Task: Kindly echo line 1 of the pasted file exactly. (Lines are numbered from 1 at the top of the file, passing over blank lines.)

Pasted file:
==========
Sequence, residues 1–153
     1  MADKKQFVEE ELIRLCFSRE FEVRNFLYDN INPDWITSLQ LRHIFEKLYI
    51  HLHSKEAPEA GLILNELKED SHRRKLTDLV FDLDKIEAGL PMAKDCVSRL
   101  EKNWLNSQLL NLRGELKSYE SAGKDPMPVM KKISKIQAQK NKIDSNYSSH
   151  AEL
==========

Sequence, residues 1–153